Leading Change in an Organization

Peter Doyle
By | Updated April 10, 2024 | 7 min read

Key Take Aways

  • Context for change in organizations
  • Models for change management
  • Ways to manage change
  • Kotter’s change management framework
  • 8 steps to implement change

Context for Change

First of all, I want to examine the different types of strategic change an organization can face before identifying frameworks for implementing change.

Balogun and Hope-Hailey’s model  (2008) put forward four different classifications of change that map the extent of the change required and the nature (or speed) with which the change is to be achieved (Figure 1).

The strength of Balogun and Hope-Hailey’s change model lies in its recognition of the complexity of change and the need for change designs to be context-sensitive. Because the Balogun and Hope-Hailey’s framework is context-sensitive it can be used to understand the most appropriate approach for change even if the context that it will be applied is different from what was originally envisioned.

An organization’s vision can drive the company strategy, therefore the focus for change should be aligning the company culture with this strategy. To that extent, based on the different types of strategic change, an Evolution/Adaption change type would be deemed appropriate for many organizations.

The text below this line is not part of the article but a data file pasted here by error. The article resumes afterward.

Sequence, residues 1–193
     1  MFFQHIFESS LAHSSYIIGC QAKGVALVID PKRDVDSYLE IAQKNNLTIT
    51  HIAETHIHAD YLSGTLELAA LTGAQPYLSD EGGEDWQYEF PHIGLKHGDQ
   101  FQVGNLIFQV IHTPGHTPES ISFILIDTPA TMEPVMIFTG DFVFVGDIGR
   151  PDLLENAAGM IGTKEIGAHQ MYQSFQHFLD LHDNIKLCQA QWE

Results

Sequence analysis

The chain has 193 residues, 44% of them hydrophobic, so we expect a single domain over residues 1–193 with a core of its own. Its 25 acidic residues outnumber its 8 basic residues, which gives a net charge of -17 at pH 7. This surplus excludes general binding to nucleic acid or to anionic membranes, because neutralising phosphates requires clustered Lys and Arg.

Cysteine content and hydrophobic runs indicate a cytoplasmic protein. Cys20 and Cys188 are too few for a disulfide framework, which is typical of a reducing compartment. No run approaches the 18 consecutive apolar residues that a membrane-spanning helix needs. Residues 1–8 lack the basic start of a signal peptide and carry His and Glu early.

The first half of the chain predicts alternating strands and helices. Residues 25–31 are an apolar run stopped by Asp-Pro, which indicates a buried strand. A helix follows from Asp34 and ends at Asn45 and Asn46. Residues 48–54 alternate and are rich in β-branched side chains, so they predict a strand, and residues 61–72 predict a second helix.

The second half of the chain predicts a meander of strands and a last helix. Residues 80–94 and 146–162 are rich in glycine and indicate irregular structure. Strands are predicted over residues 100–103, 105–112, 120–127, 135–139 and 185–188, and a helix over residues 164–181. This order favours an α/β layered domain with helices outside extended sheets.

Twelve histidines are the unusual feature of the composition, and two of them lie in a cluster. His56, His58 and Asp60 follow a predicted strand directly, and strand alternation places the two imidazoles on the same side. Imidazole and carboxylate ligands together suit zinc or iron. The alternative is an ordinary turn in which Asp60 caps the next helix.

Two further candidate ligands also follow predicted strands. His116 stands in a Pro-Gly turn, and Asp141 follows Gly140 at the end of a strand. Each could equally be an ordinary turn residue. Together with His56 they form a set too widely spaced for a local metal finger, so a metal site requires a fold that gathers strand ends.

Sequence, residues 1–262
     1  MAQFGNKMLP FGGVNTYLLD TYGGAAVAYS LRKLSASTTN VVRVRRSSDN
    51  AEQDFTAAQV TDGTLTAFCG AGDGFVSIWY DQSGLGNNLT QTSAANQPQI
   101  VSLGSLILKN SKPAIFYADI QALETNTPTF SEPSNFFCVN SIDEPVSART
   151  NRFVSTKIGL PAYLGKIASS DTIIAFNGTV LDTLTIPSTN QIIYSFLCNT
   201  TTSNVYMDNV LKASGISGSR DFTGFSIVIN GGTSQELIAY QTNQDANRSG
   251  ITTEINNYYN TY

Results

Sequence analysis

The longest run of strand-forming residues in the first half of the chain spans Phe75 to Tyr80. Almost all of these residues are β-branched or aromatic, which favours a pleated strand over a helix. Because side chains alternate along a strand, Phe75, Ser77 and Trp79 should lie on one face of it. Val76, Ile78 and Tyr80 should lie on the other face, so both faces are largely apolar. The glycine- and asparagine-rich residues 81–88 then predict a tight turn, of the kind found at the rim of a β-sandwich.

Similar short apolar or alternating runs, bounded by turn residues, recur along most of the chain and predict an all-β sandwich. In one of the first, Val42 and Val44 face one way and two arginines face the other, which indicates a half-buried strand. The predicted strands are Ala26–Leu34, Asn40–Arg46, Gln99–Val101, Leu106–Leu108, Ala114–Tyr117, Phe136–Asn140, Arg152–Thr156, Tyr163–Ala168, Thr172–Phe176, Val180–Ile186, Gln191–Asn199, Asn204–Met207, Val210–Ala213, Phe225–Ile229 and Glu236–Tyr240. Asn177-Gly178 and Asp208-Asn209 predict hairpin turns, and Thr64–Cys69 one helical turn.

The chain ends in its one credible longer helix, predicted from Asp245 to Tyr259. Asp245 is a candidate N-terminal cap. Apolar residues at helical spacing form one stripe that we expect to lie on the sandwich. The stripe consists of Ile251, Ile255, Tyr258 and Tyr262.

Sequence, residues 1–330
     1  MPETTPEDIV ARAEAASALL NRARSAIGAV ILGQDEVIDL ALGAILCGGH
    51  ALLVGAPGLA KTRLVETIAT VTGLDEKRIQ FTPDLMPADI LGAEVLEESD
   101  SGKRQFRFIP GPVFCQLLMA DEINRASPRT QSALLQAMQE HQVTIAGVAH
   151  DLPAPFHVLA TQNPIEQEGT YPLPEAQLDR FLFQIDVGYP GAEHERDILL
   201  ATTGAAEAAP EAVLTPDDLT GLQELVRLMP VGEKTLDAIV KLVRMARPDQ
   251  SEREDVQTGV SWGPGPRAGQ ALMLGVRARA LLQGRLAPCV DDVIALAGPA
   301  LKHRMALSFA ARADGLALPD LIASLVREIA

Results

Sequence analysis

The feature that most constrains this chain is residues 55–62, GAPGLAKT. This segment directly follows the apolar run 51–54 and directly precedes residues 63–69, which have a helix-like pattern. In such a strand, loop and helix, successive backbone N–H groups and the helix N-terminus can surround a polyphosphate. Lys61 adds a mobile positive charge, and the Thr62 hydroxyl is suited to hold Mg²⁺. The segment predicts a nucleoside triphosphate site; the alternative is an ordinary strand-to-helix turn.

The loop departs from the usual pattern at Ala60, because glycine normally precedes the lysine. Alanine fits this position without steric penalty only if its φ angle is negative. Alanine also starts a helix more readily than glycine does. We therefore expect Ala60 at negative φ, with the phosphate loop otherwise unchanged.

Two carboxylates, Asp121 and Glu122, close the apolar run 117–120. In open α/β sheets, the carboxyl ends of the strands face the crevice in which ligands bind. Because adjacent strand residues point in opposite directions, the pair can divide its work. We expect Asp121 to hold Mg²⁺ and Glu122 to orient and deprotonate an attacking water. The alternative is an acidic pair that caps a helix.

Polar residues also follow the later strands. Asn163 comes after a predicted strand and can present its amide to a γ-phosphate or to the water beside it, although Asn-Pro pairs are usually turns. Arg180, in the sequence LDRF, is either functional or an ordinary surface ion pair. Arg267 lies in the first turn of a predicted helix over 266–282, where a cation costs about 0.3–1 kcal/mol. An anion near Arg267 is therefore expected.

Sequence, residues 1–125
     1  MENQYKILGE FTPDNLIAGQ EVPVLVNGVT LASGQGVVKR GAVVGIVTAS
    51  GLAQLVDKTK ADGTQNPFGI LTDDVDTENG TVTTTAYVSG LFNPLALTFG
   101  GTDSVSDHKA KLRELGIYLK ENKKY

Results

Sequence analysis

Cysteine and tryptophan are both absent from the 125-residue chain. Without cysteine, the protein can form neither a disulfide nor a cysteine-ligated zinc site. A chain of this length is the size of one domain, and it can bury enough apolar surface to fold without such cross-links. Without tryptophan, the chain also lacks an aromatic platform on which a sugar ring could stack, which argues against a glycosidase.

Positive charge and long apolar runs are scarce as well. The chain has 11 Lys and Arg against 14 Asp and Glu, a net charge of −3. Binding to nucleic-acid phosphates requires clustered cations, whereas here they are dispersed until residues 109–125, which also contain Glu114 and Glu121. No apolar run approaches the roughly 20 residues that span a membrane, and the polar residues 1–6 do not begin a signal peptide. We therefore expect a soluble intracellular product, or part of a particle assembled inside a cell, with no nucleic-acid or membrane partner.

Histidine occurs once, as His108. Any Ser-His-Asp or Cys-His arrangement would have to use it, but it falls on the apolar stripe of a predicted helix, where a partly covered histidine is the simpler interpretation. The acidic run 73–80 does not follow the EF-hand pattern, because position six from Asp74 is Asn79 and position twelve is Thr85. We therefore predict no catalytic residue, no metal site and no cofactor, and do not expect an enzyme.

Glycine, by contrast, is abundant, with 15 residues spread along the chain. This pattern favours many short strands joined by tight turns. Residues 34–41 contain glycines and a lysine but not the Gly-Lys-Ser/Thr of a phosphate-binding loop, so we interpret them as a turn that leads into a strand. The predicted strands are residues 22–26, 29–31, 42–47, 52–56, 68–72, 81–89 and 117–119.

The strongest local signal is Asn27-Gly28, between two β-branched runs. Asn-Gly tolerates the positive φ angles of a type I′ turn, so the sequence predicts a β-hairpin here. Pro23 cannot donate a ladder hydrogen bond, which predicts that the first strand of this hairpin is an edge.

Figure 1 - Extent Vs the Nature of Change

  • Evolution: Transformational change implemented gradually through inter-related initiatives. It is where cultural change is required but this can be accomplished over time.
  • Adaption: Change undertaken to realign the way in which the organization operates and implemented in a series of steps. It can be accommodated within the existing culture and can occur incrementally.
  • Revolution: Transformational change occurs via simultaneous initiatives on many fronts. It is more likely to be forced and reactive and involves fundamental changes in both strategy and culture.
  • Reconstruction: Change undertaken to realign the way in which the organization operates with many initiatives implemented simultaneously. It involves rapid change but without fundamentally changing the culture.


Implementing Change

The next step is to identify a framework for implementing this change effectively. John Kotter (2012 p.46) examined companies with traditional hierarchies and processes that are optimized for day-to-day business but are unable to handle the challenges of strategic change.

Kotter proposes an 8 step process (Ref. Harvard Article) where organizations can avoid failure and become adept at change and states “by improving their ability to change, organizations can increase their chances of success, both today and in the future. Without this ability to adapt continuously, organizations cannot thrive”.

The key benefits of Kotter’s model are that the steps are clear and easy to understand and give guidance to the process and he makes the focus on the buy-in of employees as the focus for success. When applying Kotter’s framework to changing the culture in an organization, it would break down the 8 steps as follows:


1. Create a sense of urgency